Posted by META® Team on Aug 11, 2017 8:46:58 AM

MTI's Perspective on Optical Metamaterials

The Gartner Hype Cycle presents the visibility of a certain technology as a function of time. It can be applied to most technological breakthroughs, such as the invention of the transistor, the discovery of the laser, or the early stages of the internet (ARPANET). It is shown in the image below and comprises five stages.

The first stage is the “Technology Trigger” – it is a critical point where a new discovery or invention appears and ignites interest in the field. The second stage is the “Peak of Inflated Expectations,” where mass interest is attracted and the potential applications of the technology are considered, usually with unrealistic expectations. The third stage is the “Trough of Disillusionment”, where the original expectations are not met, and the interest in the technology starts to gradually fade. The fourth stage is the “Slope of Enlightenment”, where the technology by now is better understood, and more realistic applications are gradually emerging. Finally, the “Plateau of Productivity” is a phase where mainstream adoption initiates and the use of the technology is clearer.

Note that the “Plateau of Productivity” never reaches the same height as the “Peak of Inflated Expectations.”


The Hype Cycle for Metamaterials

The field of metamaterials could also be viewed through the lens of the Gartner Hype Cycle. Historically, several concepts with light-manipulating properties that would later be covered under the metamaterial umbrella have been introduced throughout the 20th century. Some examples include frequency selective surfaces [1], photonic crystals [2], and the theoretical concept of a left-handed medium[3]. However, significant interest in the field ignited around the year 2000 due to the publication of several milestone papers, including the experimental verification of a negative index medium[4] and the concept of a perfectly focusing lens[5]. This can be considered the “Technology Trigger” for metamaterials, as shown in the image below.


In the following years, particularly up to 2005, the field witnessed explosive growth, attracting the attention of many researchers from diverse fields of physics and engineering. At an academic level, many new concepts were introduced and new physics was demonstrated[6-8]. At the same time, the idea of an invisibility cloak[9] captured the public’s imagination as well.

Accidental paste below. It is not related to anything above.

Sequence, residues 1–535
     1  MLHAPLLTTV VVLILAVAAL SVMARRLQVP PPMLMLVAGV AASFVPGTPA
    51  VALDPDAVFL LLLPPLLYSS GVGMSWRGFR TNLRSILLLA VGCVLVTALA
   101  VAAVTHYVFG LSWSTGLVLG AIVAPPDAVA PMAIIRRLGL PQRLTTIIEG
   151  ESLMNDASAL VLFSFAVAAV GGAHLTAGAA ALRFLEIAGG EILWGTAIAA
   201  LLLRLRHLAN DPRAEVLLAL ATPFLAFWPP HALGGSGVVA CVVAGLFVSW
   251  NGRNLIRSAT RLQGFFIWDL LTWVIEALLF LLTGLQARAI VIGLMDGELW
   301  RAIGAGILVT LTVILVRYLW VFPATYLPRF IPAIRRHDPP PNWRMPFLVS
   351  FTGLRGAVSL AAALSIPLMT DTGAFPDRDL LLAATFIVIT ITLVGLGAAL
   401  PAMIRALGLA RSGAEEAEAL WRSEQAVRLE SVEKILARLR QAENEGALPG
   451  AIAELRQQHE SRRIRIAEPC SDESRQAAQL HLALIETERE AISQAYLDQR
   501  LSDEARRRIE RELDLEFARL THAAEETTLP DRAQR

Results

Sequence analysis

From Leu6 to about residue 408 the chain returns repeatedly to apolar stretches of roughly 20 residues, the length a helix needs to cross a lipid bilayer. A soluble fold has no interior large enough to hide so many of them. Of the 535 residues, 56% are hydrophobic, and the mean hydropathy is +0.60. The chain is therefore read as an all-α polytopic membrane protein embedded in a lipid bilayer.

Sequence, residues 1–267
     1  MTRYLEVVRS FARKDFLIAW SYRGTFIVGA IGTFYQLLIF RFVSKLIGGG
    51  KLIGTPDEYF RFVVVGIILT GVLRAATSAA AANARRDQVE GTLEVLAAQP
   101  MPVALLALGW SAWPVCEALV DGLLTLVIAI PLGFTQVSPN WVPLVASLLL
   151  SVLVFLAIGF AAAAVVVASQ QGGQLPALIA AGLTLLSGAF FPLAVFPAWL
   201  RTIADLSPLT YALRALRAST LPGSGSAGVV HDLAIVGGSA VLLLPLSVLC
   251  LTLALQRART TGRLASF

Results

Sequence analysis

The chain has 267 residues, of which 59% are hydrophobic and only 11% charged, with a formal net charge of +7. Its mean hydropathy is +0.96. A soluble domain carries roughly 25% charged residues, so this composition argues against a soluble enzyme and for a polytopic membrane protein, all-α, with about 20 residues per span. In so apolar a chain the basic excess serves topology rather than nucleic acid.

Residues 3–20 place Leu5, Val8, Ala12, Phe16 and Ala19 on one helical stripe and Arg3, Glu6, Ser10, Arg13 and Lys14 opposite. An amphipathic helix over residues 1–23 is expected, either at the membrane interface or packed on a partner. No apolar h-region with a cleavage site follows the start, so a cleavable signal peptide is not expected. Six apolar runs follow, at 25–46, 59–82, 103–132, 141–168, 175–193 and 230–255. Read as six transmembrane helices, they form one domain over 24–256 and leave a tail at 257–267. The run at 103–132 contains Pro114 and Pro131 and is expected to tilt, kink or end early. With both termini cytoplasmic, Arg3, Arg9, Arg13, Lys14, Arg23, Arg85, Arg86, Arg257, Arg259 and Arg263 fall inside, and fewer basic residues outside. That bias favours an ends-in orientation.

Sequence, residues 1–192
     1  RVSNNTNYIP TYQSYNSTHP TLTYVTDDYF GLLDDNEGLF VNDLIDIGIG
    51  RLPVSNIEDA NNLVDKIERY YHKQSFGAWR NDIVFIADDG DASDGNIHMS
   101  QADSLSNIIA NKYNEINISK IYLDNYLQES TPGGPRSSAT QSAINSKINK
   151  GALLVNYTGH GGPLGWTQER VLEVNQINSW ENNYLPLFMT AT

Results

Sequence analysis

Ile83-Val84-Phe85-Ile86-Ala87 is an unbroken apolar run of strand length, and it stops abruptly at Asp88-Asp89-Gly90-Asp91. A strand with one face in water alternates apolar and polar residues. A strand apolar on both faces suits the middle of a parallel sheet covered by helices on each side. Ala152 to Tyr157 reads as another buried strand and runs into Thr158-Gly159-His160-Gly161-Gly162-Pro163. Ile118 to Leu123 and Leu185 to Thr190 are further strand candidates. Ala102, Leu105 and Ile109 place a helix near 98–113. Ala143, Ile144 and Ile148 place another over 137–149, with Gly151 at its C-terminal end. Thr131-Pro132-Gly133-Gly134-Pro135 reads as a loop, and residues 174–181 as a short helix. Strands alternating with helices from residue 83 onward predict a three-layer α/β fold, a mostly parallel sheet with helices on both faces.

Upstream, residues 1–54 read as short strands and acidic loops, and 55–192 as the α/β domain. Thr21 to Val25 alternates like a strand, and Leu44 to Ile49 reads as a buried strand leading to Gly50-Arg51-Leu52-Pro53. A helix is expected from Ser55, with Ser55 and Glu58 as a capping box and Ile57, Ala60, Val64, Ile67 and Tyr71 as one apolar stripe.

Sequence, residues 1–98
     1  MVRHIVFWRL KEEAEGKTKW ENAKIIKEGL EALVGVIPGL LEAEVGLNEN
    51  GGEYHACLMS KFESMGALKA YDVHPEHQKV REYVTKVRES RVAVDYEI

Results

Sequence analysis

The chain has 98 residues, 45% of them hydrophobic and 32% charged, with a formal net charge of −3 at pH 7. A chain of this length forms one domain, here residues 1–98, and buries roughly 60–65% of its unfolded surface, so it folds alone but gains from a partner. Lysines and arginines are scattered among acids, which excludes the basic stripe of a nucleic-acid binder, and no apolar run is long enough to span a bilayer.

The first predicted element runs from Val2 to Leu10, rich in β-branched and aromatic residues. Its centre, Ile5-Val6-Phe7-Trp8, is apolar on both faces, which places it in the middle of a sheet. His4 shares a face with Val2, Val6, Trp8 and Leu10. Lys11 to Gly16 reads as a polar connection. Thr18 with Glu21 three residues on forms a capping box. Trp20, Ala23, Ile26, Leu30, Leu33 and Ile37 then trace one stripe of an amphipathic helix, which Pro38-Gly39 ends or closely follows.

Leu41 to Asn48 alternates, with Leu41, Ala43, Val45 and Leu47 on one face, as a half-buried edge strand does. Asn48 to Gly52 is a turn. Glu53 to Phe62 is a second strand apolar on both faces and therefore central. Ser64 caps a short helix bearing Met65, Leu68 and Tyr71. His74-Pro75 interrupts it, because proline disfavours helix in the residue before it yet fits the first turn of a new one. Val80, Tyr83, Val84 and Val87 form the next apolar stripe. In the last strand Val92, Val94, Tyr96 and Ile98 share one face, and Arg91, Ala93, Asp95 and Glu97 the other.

It soon became clear though that many of these new concepts could not be easily converted into commercial applications, particularly with regards to optical metamaterials. Two of the main reasons for that are the inherent losses which originate from their resonant behavior, their accordingly narrow bandwidth of operation, and the fabrication challenges in scaling the structures to practical sizes more than a couple of wavelengths long. For example, it is now evident that a perfect broadband cloak for any object in the visible range is extremely challenging (if not impossible) to build[10].

Since about 2010 we have entered a period where researchers have become more aware of these limitations of bulk metamaterials and have started proposing concepts to work around them. One particular promising example is metasurfaces, which do not suffer from the same losses to the same extent as bulk metamaterials due to their thin nature.

We are currently moving the commercialization stage of the Gartner's Hype Cycle and pioneering a new era in metamaterial technology.


[1] B. A. Munk, Frequency Selective Surfaces: John Wiley & Sons, Inc., 2005.
[2] J. D. Joannopoulos, Photonic crystals: molding the flow of light: Princeton University Press, 2008.
[3] V. Veselago, "The Electrodynamic of Substances with Simultaneously negative values of ε and μ," Soviet Physics Uspekhi, vol. 10, p. 509, 1968.
[4] D. R. Smith, et al., "Composite Medium with Simultaneously Negative Permeability and Permittivity," Physical Review Letters, vol. 84, pp. 4184-4187, 2000.
[5] J. B. Pendry, "Negative Refraction Makes a Perfect Lens," Physical Review Letters, vol. 85, pp. 3966-3969, 2000.
[6] S. Zouhdi, et al., Metamaterials and Plasmonics: Fundamentals, Modelling, Applications: Springer, 2008.
[7] W. Cai and V. Shalaev, Optical Metamaterials: Fundamentals and Applications: Springer, 2009.
[8] F. Capolino, Theory and Phenomena of Metamaterials: CRC Press/Taylor & Francis, 2009.
[9] J. B. Pendry, et al., "Controlling Electromagnetic Fields," Science, vol. 312, pp. 1780-1782, June 23, 2006 2006.
[10] F. Monticone and A. Alù, "Do Cloaked Objects Really Scatter Less?," Physical Review X, vol. 3, p. 041005, 2013.

Topics: Smart Materials

META® Team

Written by META® Team